01 Sep 2015
Abstract: An assessment was completed of training outcomes for air traffic control (ATC) trainees allowed to transfer from their first, higher-level ATC facility to a less complex lower-level ATC facility. Transfers followed failure in field qualification training at the first facility. We found that training outcomes at the second facility were related to the types and complexity levels of the ATC facilities involved. Trainees succeeded significantly more often if transferred to small or medium towers than if transferred to a facility that combined tower and radar. We considered an inability of trainees to acquire radar skills to separate air traffic and age as contributing factors and suggested that additional research examining age upon entry and training success at facilities of varying complexity should be undertaken. This effort supports a Federal Aviation Administration (FAA) strategic priority to build the workforce of the future by retaining trainees capable of controlling air traffic.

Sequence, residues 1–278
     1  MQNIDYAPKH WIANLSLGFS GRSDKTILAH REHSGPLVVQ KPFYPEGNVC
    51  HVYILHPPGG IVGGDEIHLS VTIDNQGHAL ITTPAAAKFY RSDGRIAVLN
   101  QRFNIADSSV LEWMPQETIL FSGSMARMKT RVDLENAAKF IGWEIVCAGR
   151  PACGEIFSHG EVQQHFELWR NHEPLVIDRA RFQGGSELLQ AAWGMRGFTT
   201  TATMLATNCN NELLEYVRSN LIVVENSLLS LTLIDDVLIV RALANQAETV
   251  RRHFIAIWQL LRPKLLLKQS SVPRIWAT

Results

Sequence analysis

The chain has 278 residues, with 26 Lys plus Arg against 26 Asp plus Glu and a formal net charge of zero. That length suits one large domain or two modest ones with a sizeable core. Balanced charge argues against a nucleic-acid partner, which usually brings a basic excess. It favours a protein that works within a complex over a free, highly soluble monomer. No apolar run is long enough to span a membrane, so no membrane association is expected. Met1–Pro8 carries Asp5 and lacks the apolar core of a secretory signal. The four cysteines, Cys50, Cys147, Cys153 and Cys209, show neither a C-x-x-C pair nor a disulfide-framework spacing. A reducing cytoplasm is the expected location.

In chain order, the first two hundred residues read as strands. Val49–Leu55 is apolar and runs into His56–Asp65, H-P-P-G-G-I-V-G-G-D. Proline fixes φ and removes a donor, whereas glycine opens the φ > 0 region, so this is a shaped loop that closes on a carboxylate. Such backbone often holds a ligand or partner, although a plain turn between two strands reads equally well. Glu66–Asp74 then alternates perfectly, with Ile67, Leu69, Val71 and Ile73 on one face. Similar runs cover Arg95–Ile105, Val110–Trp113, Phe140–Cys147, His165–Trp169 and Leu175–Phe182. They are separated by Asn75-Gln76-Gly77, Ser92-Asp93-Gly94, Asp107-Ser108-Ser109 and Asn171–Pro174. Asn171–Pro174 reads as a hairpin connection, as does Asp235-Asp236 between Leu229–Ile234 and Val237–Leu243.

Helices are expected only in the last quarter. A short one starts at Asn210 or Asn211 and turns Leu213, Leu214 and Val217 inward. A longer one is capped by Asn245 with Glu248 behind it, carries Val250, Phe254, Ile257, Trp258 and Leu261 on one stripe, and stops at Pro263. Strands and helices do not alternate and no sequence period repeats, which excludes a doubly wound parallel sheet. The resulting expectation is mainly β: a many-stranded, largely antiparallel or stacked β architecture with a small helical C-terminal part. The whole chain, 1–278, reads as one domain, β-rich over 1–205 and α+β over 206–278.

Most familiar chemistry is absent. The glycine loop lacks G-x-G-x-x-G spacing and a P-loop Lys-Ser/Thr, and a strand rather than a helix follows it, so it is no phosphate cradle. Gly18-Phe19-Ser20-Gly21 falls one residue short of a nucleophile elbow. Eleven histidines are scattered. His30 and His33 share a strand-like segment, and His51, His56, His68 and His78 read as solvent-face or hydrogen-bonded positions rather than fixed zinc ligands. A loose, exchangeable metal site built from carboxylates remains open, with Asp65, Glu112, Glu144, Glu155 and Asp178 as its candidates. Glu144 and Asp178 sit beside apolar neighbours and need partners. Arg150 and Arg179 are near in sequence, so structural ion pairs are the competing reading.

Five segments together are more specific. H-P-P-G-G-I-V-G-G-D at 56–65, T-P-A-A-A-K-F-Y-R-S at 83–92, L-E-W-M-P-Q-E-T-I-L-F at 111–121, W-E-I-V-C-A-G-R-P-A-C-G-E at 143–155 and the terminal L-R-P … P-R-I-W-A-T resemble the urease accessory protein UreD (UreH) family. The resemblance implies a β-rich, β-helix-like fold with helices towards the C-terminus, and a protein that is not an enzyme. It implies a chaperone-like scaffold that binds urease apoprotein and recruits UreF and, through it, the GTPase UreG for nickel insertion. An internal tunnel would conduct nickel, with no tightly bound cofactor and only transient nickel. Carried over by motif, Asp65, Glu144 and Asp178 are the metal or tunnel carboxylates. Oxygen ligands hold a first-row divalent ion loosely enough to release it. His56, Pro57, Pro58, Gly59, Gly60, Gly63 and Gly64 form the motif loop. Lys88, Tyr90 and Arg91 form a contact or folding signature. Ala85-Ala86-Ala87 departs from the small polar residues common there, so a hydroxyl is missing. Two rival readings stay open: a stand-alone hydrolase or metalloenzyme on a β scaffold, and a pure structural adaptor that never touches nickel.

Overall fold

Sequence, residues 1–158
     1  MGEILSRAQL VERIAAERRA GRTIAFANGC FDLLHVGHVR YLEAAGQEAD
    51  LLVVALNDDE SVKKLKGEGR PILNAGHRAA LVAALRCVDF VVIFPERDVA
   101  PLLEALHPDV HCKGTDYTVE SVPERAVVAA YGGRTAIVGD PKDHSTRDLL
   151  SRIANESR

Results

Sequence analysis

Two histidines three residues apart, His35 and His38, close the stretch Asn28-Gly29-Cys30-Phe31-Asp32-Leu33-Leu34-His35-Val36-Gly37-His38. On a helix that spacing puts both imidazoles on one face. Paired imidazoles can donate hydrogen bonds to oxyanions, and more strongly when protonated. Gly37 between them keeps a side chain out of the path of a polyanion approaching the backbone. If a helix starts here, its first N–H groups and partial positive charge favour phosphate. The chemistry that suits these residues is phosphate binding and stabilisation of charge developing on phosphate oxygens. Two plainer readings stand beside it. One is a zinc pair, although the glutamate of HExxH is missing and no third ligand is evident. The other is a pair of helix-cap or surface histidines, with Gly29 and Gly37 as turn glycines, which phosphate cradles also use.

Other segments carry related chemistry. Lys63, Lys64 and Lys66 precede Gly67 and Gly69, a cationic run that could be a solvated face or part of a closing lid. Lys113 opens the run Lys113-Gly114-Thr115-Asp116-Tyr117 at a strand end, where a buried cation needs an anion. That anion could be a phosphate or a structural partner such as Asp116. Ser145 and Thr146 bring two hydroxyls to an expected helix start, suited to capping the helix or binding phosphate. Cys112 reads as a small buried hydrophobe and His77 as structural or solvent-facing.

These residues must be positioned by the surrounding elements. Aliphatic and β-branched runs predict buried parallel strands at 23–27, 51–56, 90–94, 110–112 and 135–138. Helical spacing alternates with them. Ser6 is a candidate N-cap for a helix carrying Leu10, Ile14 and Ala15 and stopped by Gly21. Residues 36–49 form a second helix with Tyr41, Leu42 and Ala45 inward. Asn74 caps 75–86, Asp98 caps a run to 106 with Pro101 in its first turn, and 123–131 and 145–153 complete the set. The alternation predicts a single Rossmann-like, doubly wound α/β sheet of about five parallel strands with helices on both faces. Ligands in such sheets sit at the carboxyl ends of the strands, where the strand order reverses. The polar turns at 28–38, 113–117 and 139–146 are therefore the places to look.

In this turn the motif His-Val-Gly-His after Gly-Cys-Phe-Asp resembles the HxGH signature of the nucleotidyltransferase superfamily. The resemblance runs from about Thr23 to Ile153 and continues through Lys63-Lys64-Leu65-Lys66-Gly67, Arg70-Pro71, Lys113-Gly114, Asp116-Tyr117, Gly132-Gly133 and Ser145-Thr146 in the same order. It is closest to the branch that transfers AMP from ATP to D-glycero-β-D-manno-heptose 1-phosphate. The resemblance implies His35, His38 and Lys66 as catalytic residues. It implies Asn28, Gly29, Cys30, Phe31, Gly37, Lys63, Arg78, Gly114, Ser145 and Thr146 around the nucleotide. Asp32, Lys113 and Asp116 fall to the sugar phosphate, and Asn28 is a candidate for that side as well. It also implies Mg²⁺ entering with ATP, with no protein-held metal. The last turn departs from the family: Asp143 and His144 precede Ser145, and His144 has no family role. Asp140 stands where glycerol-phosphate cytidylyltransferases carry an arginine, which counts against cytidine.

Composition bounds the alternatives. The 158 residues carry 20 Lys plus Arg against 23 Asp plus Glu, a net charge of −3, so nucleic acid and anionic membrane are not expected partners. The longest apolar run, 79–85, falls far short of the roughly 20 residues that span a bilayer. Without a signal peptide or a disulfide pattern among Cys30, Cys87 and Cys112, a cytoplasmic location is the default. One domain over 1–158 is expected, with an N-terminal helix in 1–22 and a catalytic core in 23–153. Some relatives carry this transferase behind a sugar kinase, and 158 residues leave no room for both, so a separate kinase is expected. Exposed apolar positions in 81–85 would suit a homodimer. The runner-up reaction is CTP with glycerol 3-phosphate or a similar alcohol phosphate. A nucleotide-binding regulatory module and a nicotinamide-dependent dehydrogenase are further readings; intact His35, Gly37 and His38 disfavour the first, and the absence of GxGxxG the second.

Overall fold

Cites background from "Using Biodata to Select Air Traffic..."

  • ...As mentioned previously, a significant amount of research has suggested that age has a substantial impact on success rates (see Pierce et al., 2014)....

    [...]

  • ...Researchers have found age at entry to be a consistent and powerful (inverse) predictor of training performance (see Pierce et al., 2014, for a review)....

    [...]



Journal ArticleDOI
01 Sep 2018